The United States is considering significantly reducing its military presence in West Africa and even completely withdrawing certain anti-terrorist troops. That’s what U.S. officials said today in The New York Times. The measure is part of a general redeployment of U.S. troops from the Pentagon.
According to the U.S. newspaper, the issue is currently being discussed internally in the Department of Defense. The U.S. Secretary of Defense, Mark Esper, wants to review the U.S. military position around the world. The Pentagon would especially like to break away from anti-terrorism emissions in order to better focus on priorities such as China and Russia.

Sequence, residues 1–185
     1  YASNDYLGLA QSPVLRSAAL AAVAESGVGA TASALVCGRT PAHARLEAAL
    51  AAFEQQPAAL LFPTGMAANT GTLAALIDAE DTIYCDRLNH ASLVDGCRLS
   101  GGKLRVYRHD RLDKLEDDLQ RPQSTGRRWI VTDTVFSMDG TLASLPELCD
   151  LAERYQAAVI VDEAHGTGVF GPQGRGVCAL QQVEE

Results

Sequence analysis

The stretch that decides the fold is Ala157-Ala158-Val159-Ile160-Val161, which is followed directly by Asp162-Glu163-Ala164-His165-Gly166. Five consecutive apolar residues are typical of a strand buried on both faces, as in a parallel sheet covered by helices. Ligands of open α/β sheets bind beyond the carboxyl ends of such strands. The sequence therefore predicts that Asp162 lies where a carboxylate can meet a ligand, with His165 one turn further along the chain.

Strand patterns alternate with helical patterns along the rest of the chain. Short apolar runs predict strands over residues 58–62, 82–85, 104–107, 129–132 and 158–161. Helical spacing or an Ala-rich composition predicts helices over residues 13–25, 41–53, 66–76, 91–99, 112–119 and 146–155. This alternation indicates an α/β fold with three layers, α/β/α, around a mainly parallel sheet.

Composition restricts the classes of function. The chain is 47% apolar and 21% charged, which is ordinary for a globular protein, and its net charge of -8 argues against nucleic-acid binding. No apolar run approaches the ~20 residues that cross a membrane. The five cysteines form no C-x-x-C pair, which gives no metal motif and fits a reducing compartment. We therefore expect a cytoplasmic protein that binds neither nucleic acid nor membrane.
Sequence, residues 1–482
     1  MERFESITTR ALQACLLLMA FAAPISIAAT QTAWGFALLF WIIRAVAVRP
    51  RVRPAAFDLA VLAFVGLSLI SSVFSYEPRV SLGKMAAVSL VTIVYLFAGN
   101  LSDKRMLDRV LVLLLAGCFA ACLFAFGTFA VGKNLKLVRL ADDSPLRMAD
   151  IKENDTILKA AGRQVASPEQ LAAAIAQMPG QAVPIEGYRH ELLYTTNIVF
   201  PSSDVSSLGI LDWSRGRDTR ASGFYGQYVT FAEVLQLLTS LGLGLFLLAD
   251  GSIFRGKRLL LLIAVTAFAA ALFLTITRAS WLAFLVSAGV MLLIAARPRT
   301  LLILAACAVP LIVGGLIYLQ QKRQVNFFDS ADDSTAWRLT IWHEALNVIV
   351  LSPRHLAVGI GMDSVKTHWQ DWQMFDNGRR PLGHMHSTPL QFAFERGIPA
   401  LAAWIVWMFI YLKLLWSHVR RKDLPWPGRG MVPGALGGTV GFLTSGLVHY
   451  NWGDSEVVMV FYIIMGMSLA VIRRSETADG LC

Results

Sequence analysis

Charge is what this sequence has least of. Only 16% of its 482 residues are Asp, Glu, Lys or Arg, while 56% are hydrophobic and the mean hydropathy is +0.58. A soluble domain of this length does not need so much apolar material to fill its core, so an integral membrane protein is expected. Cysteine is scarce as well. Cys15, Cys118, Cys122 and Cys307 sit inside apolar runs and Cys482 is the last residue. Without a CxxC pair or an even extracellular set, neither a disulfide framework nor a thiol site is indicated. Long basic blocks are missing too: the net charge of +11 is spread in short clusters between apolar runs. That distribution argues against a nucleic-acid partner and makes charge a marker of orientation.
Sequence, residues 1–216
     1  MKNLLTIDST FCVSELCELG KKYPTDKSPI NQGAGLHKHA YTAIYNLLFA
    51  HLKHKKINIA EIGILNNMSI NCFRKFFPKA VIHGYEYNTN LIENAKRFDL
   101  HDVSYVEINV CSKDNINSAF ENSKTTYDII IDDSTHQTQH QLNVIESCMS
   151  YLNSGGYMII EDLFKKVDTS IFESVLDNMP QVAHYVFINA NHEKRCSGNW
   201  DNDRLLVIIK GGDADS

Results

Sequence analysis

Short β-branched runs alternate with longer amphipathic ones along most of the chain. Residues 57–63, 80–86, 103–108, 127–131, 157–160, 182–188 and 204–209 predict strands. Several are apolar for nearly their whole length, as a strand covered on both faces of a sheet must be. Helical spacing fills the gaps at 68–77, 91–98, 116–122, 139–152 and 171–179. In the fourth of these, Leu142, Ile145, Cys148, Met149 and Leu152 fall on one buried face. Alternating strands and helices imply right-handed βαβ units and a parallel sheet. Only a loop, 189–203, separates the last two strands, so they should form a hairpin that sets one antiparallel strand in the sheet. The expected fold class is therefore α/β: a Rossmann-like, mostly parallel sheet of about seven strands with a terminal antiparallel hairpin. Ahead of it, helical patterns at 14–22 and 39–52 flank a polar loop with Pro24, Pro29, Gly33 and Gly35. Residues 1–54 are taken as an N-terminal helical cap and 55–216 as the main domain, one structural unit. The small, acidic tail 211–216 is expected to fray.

In the first phase, there would be a withdrawal in Africa, where some 6,000 to 7,000 soldiers are stationed in the west, but also in the east, especially in Somalia. The American withdrawal would be a major blow to the French forces in conflict with jihadist groups in Mali, Niger, and Burkina Faso. American support in these countries would amount to some 45 million dollars per year.
The African countries in question are currently facing a resurgence of jihadist violence that killed 71 Nigerian soldiers in an attack on 10 December. A few days earlier, 13 French soldiers died in a helicopter crash in a conflict zone in Mali.